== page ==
Genetic structure and biogeography of three commercially important African freshwater fishes: Lates niloticus, Bagrus docmak and Bagrus bayad

Basiita, Rose Komugisha (2016) Genetic structure and biogeography of three commercially important African freshwater fishes: Lates niloticus, Bagrus docmak and Bagrus bayad. PhD thesis, James Cook University.

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Abstract

The complex geology and hydrological evolution of Africa has resulted in a landscape characterised by some of the world's largest freshwater lakes and rivers. These freshwater habitats contain diverse fish fauna from which commercial inland fisheries support millions of people in Africa and other parts of the world through fish exports. Despite the extreme importance of African fisheries, versus increased threats that have led to their stagnation and decline, fisheries conservation and management based on genetic knowledge of stock structure has remained poorly studied and understood in Africa. It is clear though, that biogeography of fish fauna will often follow patterns of stock structure along gradients of interconnected, or fragmented habitats. Understanding the genetic structure and diversity of commercial fish species along these gradients in Africa is vital in identifying management units (MUs) for sustainable management and potential aquaculture development of aquatic species.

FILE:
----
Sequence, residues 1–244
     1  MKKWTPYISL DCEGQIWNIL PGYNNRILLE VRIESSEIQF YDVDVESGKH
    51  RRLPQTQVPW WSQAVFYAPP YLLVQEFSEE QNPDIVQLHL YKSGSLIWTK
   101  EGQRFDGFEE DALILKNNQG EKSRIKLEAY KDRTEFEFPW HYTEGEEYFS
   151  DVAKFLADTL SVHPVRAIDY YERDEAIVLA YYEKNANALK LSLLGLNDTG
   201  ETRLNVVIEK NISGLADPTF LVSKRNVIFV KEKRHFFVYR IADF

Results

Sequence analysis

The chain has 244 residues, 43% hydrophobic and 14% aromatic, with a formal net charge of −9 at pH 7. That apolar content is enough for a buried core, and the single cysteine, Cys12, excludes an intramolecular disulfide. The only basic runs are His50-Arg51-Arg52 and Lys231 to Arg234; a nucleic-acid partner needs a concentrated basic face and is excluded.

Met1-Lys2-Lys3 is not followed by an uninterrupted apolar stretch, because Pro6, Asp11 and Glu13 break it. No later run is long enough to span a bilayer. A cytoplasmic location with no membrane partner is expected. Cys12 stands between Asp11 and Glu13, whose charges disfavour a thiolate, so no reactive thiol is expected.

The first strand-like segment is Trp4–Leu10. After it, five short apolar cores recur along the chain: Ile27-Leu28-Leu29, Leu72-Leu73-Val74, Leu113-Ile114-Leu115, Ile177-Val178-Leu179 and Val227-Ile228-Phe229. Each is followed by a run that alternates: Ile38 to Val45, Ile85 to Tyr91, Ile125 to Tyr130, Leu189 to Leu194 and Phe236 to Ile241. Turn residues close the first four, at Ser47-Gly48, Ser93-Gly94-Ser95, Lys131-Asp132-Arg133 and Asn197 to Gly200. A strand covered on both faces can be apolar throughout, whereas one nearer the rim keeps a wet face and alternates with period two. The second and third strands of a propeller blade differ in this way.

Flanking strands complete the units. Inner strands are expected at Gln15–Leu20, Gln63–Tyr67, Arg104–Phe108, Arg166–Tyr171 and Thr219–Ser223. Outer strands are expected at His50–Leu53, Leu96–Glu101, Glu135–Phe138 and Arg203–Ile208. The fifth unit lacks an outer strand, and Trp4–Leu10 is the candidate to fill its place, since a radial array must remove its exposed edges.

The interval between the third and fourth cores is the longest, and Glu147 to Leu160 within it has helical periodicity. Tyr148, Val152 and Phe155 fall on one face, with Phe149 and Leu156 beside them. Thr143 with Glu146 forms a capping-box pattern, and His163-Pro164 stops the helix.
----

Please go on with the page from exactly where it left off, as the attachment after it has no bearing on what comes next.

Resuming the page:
The widely distributed bagrid catfishes (Bagrus docmak and B. bayad) and the Nile perch, Lates niloticus, have been identified as model species that could be used to not only understand the biogeography of the African aquatic fauna, but are also important commercial fisheries and candidate species for aquaculture development. These fish species are indigenous to Africa and valued for food, as well as important components of recreational-based fisheries. These three species have been overexploited in their natural environments, with the Nile perch also in decline within environments where it has been translocated.